Born: February 02, 1995, Faisalabad, Pakistan
Star Sign: Aquarius
Talent: Computer prodigy
Famous for: Becoming the youngest Microsoft Certified Professional until 2008
Died: January 12, 2012, Lahore, Pakistan
Arfa Abdul Karim Randhawa was a Pakistani student and computer prodigy who, in 2004 at the age of nine, became the youngest Microsoft Certified Professional (MCP), a title she kept until 2008. Since then, the young girl represented Pakistan on various international forums and was even invited by Bill Gates to visit Microsoft Headquarters in the United States. Having been born into a Punjabi family of Randhawa clan of Jat, Arfa grew up in a modest household and excelled in studies from the start. She first came to prominence after setting the record for being the youngest MCP 12 years ago.
After returning to Pakistan from a visit to Microsoft headquarters in the states, the computer prodigy was even written about by S. Somasegar, the vice president of Microsoft's Software Development Division, in his blog. On 2 August 2005, Arfa was presented the Fatimah Jinnah Gold Medal in the field of Science and Technology by the then Prime Minister of Pakistan, Shaukat Aziz on the occasion of 113th birthday celebration of Mother-of-the-Nation. She received the Salaam Pakistan Youth Award the same year from the President of Pakistan.
Continuing to garner praise from the entire nation and honours from the government, Arfa was selected as the recipient of the President's Award for Pride of Performance, a civil award granted to people who have shown excellence in their respective fields over a long period of time, which made her the youngest honouree. In her short life, Arfa made her country proud by representing it on various international forums; she was invited by the Pakistan Information Technology Professionals Forum for a stay of two weeks in Dubai where a dinner reception was hosted in her honour. The event, attended by the dignitaries of Dubai and the Ambassador of Pakistan, saw the young girl being presented with numerous awards and gifts in recognition of her talents and efforts. She was further encouraged in November of 2006 when she was invited by Microsoft to attend the Tech-Ed Developers conference held in Barcelona where Arfa was the only Pakistani among over 5000 developers.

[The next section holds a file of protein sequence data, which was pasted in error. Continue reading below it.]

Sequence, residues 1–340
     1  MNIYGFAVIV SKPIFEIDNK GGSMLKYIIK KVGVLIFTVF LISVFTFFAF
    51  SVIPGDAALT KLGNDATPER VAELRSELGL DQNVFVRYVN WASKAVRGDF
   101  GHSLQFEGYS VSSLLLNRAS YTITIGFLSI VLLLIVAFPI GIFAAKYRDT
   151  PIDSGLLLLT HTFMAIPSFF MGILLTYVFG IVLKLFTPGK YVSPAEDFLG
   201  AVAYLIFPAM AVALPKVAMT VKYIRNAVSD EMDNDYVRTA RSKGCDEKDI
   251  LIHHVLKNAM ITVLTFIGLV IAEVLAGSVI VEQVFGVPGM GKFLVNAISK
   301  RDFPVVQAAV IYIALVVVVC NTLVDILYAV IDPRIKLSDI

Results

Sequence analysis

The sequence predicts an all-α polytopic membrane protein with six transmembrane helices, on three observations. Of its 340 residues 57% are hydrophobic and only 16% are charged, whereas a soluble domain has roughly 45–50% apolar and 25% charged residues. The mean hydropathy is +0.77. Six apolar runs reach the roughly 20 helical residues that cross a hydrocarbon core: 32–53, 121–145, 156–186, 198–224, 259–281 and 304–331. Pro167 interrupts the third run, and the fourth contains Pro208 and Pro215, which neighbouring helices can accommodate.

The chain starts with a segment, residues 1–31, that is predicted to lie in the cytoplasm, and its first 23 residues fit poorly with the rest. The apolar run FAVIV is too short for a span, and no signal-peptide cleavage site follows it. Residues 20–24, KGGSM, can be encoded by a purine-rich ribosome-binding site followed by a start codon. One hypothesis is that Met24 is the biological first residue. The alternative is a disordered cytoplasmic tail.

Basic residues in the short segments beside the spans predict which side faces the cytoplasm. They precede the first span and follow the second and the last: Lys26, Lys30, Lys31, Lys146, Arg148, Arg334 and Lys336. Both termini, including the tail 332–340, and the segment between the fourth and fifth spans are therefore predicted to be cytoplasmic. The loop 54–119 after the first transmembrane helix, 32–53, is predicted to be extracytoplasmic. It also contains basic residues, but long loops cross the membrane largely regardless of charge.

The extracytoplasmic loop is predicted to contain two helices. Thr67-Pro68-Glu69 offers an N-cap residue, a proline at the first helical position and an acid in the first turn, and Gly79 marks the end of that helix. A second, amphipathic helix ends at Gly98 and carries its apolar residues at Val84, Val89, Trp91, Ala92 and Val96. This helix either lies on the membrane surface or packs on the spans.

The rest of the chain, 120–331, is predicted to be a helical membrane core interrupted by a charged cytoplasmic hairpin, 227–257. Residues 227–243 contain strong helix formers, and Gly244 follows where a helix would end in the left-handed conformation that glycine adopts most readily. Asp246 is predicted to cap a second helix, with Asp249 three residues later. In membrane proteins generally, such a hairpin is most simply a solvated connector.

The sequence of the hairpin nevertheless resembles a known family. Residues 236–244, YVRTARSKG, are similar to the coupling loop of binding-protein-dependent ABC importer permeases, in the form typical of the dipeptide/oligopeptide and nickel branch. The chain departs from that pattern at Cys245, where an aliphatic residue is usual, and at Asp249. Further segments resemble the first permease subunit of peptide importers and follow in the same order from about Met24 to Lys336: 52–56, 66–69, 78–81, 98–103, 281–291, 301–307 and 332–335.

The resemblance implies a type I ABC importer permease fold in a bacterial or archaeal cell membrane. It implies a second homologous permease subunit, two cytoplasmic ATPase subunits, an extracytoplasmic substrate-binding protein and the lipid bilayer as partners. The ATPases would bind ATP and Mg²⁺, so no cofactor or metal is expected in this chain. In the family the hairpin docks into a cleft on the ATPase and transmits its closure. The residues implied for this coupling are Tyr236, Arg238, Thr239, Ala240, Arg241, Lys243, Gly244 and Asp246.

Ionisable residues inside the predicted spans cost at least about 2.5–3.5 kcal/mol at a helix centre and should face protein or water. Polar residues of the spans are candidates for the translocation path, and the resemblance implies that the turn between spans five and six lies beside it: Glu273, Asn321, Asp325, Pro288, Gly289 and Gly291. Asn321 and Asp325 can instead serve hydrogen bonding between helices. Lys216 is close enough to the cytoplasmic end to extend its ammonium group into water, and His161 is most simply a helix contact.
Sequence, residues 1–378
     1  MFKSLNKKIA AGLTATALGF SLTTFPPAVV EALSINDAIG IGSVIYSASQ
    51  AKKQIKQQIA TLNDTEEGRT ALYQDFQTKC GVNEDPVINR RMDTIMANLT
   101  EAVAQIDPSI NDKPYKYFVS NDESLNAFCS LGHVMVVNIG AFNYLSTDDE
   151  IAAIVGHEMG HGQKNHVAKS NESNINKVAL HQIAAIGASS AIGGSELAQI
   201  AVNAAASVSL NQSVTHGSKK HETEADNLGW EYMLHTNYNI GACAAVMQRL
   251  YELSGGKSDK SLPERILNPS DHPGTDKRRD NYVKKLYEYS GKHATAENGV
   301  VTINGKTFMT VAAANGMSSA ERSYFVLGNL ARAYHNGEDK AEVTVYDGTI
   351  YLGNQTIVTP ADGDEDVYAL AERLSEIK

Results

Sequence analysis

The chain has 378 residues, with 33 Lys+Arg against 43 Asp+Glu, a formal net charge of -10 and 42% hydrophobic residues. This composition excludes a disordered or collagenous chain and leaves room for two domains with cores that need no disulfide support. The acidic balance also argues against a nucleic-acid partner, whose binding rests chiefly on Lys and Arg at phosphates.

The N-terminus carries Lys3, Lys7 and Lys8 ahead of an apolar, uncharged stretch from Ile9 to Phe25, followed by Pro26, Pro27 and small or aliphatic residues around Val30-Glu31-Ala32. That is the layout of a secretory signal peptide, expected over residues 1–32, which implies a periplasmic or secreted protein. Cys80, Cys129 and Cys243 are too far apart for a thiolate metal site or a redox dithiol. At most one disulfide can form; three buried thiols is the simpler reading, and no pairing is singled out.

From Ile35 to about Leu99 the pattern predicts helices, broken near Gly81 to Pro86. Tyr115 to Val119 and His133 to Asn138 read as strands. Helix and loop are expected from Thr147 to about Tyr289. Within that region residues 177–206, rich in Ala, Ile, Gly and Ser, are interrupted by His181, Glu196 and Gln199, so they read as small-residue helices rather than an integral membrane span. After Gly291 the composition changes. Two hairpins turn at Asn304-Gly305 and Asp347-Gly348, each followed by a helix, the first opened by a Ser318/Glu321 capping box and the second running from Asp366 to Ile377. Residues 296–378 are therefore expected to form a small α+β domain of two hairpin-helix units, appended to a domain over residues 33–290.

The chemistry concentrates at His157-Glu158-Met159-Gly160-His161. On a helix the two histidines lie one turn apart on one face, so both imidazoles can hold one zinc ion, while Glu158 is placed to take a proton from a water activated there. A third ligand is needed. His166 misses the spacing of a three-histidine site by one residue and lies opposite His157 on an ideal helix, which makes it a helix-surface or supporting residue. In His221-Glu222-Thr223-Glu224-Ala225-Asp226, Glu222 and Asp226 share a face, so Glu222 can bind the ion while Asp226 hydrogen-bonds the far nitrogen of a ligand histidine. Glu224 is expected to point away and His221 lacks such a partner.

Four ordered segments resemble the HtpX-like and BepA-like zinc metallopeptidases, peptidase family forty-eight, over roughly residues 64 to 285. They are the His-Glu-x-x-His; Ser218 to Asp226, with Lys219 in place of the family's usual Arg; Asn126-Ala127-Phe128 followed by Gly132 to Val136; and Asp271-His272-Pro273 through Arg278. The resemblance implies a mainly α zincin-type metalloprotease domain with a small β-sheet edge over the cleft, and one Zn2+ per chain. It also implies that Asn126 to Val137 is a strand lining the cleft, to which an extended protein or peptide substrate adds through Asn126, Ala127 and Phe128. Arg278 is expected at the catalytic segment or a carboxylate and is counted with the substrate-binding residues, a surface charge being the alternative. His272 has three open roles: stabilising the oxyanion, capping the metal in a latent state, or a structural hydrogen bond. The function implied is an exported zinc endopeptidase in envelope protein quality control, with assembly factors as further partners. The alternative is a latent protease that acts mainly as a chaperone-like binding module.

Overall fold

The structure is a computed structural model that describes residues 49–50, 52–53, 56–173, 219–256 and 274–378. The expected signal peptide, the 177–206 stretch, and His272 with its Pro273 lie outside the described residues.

On 22 December of 2011, young Arfa suffered from a cardiac arrest following an epileptic seizure and was admitted to a hospital in critical condition. It was revealed that the seizure had damaged her brain to a considerable extent. Bill Gates extended help to the family by offering to adopt “every kind of measure” for the treatment. He set up a special panel of international doctors who remained in contact with her local doctors through teleconference. By 13 January 2012, Arfa started to improve, but the relief was short lived, as she died the next day. Her funeral was attended by the Chief Minister of Punjab, Shahbaz Sharif. She was buried at her ancestral village in Faisalabad. On 15 January 2012, Shahbaz Sharif announced that the name of Lahore Technology Park would be changed to Arfa Software Technology Park in her honour.